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Opinion

Trolls have no place in the offices of our premiers

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Shortly after Independent Senators voted down a report from the Senate Transport Committee calling on them to kill the tanker ban bill, C-48, last Thursday, the government’s representative in the Chamber, Sen. Peter Harder, tweeted about the vote, calling it an example of “sober second thought.”

About an hour later, the Twitter account for Alberta Premier Jason Kenney’s office retweeted Sen. Harder’s message, with the sort of agitated language more commonly used by the trolls who cruise the social media platform for opportunities to disparage and demean.

“Justin Trudeau’s ‘independent’ senators just slapped Alberta in the face and betrayed the national interest of Canada by ignoring the Senate’s own committee which studied this toxic legislation in depth, and voted to kill it. This is a bad day for all of Canada,” screeched the premier’s account.

The tone was markedly different from the tweets from Mr. Kenney’s personal Twitter account after the Senate gave a lifeline to the controversial tanker ban bill, which many big and small-C conservatives and natural resource executives say would do major damage to the oilsands economy in Alberta and Saskatchewan.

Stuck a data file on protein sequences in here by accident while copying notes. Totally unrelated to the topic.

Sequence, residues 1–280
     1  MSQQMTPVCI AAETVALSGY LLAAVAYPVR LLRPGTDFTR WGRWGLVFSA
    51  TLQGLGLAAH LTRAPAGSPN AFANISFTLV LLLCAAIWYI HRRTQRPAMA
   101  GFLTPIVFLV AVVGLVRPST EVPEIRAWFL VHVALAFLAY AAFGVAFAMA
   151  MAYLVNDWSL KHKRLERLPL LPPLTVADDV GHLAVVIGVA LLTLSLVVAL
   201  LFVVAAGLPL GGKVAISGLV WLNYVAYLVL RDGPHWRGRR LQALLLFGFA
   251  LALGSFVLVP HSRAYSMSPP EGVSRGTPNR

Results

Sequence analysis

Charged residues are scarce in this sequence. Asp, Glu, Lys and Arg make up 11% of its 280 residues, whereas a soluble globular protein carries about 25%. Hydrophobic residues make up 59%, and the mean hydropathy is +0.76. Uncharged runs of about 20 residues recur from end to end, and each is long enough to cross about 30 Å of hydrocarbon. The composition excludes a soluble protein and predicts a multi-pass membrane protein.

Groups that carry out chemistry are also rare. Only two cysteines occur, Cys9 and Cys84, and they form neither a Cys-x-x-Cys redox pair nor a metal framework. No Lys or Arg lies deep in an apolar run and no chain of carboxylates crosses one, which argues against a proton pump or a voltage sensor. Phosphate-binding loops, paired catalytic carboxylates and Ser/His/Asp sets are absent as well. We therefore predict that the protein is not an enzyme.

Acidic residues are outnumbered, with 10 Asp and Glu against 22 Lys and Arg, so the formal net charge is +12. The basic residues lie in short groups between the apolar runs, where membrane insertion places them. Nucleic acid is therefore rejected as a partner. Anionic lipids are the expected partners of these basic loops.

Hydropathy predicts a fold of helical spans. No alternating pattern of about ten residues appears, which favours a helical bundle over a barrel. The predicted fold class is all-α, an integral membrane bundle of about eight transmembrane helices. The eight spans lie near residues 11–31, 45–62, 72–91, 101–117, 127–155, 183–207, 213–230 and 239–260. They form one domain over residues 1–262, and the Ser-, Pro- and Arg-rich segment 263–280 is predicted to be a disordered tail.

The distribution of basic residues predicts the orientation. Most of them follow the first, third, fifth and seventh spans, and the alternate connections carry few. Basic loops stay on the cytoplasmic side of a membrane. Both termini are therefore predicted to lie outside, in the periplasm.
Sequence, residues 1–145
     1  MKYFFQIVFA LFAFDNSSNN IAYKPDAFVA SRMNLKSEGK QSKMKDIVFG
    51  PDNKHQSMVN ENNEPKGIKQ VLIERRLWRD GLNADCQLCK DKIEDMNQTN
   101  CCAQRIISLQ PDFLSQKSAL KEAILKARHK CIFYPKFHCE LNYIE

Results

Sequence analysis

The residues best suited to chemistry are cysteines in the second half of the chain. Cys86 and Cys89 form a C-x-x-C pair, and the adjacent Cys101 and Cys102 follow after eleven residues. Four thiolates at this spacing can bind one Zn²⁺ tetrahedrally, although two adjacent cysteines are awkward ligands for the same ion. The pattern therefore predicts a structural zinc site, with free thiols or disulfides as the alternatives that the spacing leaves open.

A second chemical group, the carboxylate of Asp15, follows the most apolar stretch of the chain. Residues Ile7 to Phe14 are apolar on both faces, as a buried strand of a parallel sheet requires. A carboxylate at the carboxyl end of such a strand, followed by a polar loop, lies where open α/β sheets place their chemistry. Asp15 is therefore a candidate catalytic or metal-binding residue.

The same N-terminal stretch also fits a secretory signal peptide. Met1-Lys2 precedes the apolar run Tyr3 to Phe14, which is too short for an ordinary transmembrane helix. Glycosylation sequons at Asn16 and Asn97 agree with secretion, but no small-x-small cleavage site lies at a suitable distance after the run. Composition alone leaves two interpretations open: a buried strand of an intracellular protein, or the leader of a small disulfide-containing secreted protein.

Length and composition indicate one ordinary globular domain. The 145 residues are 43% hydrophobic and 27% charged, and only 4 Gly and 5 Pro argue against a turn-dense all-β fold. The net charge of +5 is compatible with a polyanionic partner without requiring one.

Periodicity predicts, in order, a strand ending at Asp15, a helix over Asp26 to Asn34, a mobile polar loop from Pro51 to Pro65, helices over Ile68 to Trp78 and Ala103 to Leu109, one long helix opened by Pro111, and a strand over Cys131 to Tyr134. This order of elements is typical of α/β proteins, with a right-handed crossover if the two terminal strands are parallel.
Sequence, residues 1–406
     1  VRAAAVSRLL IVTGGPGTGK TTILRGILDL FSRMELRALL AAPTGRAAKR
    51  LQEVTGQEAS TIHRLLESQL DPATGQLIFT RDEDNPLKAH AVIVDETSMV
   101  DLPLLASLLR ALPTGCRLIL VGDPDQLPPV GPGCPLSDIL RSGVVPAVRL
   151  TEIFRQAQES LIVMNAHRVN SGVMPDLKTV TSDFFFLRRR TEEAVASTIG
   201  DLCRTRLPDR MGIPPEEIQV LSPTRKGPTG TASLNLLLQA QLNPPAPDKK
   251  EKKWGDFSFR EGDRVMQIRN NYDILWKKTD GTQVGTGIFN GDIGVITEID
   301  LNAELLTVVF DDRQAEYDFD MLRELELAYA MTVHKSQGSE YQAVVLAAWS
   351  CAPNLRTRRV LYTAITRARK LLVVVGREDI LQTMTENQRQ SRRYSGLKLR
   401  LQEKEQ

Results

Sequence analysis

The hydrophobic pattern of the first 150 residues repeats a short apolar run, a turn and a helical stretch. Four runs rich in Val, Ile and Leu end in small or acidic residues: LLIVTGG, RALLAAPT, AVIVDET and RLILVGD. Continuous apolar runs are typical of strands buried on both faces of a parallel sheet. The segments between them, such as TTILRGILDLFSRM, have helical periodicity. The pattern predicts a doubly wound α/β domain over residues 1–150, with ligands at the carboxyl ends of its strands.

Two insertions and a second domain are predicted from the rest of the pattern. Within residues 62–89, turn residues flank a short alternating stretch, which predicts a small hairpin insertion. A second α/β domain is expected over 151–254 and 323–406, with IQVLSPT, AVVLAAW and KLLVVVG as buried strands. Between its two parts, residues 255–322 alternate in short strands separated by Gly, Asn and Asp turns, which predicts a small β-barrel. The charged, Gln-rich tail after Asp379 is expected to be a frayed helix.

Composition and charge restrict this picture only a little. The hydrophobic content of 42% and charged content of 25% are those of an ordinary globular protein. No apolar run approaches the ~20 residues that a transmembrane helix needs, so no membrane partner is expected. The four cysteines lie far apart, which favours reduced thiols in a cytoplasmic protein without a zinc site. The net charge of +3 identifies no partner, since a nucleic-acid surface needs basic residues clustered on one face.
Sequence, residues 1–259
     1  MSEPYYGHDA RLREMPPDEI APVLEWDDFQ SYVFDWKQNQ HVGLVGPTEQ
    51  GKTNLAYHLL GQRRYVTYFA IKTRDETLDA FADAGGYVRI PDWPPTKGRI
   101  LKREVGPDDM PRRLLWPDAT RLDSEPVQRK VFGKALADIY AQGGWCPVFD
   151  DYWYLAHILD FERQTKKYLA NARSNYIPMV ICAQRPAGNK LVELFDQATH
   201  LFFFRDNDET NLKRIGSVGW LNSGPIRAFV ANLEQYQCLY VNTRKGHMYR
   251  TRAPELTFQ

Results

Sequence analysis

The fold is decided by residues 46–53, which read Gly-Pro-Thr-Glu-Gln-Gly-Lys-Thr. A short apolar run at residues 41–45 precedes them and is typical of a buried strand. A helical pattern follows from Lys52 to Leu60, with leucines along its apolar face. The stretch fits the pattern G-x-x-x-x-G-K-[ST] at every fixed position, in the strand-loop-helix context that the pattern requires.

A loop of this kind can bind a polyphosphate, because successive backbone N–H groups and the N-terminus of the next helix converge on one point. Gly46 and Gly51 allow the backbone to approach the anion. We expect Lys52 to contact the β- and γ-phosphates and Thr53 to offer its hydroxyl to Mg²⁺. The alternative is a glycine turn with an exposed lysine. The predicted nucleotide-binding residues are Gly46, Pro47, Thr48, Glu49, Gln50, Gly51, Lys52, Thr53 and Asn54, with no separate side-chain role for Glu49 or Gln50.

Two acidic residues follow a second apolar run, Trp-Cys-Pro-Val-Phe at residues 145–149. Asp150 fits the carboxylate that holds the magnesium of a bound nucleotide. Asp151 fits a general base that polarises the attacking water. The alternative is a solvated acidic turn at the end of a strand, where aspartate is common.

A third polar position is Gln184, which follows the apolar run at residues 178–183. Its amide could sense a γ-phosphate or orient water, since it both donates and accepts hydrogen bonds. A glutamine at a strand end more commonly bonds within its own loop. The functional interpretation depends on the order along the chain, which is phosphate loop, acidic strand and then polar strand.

“Very disappointed that the Senate has just voted to reject the recommendation of the Transport Committee to kill Bill C-48, the ban on Alberta oil exports from the NW Coast. I urge the Senate to reconsider its decision at third reading,” Mr. Kenney tweeted, later adding, “This discriminatory ban on Alberta energy is unacceptable, and we will oppose it at every opportunity.”

Mr. Kenney, a veteran of years of fierce political and rhetorical battles—or, whomever crafted the tweets from his personal account—clearly understands how to balance a forceful denunciation with the dignity required of a provincial premier. He ought to give more thought to how the messaging from his own office compares to that standard.

Several Independent Senators, including some who voted against the committee’s report, are opposed to Bill C-48 as it was written by the government, but that’s beside the point. The debate over the bill and the report by the Transport Committee is complex: the committee’s vice-chair, Sen. Julie Miville-Dechêne, slammed the report as “biased” and “partisan,” and Senators very rarely kill government bills. They still may, if the government rejects all Senate amendments to C-48, as there is an argument to be made that the bill unfairly marginalizes Alberta’s economy and ought to be put down.

There is no room for the premier of Alberta’s office to accuse Senators balancing these and other considerations of having “betrayed the national interest of Canada,” or of slapping Alberta in the face.

That language is discriminatory and divisive, the very words the Transport Committee’s report used to describe C-48. Mr. Kenney should make sure the staff handling his office’s twitter account show some class while speaking on his behalf in the future, instead of trying to stoke Western alienation for short-term political gain.

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